Five Qualities of a Well-Managed Barn

If you are a rider looking for a new place to keep your horse or a manager thinking about how to improve your barn, there are certain qualities that stick out at a well-run stable. Keep reading for five important characteristics of a well-managed barn.

1. Cleanliness

Overall cleanliness is an important detail to look for at a barn. Obviously, no barn will ever be spotless but the aisle, tack room, grooming stalls, and feed room should be swept and neat. It is also important to consider how clean the stalls are kept. Check stalls to see if they have been mucked recently and if the shavings are clean. Inspect water buckets and grain tubs to see if they have been cleaned recently. A dirty water bucket is never a good sign and can have a negative impact on your horse’s health. In the tack room, make sure there is no moldy tack. Bridles that are used less might not look freshly cleaned, but you do not want to see tack that has not been cared for in a long time.

2. Organization

Beyond cleanliness, a definite sign of a well-run barn is organization. You should be able to get a feel of how organized the barn is by simply walking around. Details such as labels in the tack room, a well laid out feed room, and tidy grooming stalls can reveal how important organization is at the barn. If blankets or stable sheets are piled in random places, the barn may not be as organized as one where they are neatly folded on doors or in a specific room or area.

3. Teamwork

A barn where all staff members are communicating and working as a team is always a good sign. This is a must, even at a smaller local barn that does not attend horse shows. When employees are not working together, it can result in issues such as the wrong medication being given to a horse, turning out a horse that is supposed to stay in, or daily tasks being missed or forgotten. To get a feel for the level of communication and teamwork at a barn, try asking different employees a couple of questions about topics like turnout, medication, or feeding times. By spending a little time at the barn, you can observe whether people are only working on their own or if there is a solid flow of communication among employees.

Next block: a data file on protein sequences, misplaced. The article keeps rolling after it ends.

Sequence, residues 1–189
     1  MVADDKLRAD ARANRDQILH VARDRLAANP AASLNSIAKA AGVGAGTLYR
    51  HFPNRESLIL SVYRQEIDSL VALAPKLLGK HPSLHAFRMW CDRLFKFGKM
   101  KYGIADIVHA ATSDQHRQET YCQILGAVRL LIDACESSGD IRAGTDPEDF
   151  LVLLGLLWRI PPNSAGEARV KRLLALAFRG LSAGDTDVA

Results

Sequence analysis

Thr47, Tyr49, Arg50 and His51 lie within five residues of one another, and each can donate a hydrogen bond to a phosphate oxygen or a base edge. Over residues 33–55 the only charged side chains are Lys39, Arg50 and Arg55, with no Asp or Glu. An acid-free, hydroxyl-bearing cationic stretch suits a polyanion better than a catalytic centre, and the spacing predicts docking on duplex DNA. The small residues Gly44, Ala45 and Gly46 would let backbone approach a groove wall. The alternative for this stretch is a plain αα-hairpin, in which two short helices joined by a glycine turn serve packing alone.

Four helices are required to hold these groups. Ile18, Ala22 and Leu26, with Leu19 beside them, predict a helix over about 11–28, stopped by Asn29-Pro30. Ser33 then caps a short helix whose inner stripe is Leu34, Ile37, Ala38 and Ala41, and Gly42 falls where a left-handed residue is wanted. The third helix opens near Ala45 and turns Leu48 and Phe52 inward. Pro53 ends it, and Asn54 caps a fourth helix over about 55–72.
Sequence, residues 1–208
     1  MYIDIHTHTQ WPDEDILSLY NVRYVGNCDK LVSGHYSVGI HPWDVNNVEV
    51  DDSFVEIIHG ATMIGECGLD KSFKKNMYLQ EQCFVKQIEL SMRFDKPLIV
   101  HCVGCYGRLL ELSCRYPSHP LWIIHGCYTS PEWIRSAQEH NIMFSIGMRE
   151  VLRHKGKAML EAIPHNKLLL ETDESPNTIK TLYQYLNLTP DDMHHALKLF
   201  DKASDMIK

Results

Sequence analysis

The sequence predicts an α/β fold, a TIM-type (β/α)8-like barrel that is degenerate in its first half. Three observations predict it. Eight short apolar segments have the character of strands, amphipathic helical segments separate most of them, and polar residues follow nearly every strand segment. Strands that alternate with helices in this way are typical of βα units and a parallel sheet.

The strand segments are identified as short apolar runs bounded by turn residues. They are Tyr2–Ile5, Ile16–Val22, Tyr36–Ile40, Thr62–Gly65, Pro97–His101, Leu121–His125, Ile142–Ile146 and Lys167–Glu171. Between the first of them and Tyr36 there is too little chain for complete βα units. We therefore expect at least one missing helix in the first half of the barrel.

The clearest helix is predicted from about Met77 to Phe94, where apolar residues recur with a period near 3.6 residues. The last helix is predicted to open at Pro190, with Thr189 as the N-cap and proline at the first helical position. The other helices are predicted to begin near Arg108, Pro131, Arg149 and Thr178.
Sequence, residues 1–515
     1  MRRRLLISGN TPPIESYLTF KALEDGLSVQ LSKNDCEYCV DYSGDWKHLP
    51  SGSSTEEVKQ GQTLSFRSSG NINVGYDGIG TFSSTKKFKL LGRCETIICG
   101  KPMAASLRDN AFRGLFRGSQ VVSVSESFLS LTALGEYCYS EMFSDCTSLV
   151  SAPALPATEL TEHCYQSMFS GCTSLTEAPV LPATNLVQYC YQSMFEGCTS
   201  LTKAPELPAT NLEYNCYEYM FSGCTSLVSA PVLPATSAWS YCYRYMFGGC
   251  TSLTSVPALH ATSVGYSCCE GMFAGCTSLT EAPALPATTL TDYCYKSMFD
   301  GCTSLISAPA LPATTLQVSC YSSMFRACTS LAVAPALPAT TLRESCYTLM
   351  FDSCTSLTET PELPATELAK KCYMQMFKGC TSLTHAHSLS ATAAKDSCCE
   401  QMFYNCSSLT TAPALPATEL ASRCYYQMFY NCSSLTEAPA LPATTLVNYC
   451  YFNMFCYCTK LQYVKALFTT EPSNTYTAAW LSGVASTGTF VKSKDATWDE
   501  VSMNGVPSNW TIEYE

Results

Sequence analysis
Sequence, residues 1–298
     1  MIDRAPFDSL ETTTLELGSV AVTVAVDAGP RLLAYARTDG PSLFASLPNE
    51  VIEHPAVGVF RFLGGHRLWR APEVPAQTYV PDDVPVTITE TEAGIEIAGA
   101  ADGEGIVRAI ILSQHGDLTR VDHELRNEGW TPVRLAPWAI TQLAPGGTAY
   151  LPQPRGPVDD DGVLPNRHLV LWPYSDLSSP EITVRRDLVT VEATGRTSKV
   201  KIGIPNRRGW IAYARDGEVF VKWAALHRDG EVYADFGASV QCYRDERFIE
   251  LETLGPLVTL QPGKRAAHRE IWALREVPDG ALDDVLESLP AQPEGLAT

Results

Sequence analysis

4. Healthy Horses

The care of the horses should always be the top priority. Their condition is often a reflection of how well the barn is managed. Some horses are naturally leaner while others are easy keepers and retired horses will have less muscle than a top-level jumper, but their overall condition should be good no matter what. The horses should not be severely underweight or overweight, they should have a healthy-looking coat whether or not they are clipped, and they should have a bright demeanor.

When a barn has healthy looking horses, it shows that the staff is observant and able to come up with a routine that works for each horse. Especially with feeding, it is important that the barn allows for horses to have individualized programs with differing amounts of hay and grain, types of grain, and supplements depending on specific needs.

5. Reliable Routine and Schedule

A well-run barn should have a fairly clear daily schedule. Grain and hay should be given around the same general times every day. Lesson times should also be clearly written down so that, depending on the type of barn, boarders can schedule a time to ride. Certain instances are difficult to predict, such as timing for a veterinarian coming to check a horse, but overall there should be a schedule for everyone to see and plan around.

Running a well-managed barn is no easy job and an undertaking that should definitely be praised. It is important to see the signs as a rider so you can be sure your horse is in the best care. Understanding the qualities of a well-run barn as a manager can help you up your game and provide top care for the horses at your facility.

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BarnManager is designed to be a part of your team, with the compatibility and credentials necessary to improve communication, simplify the management of horses, and get you out of the office, off the phone calls, and into the barn with the horses you care about! Click here to get a free demo and find out more!

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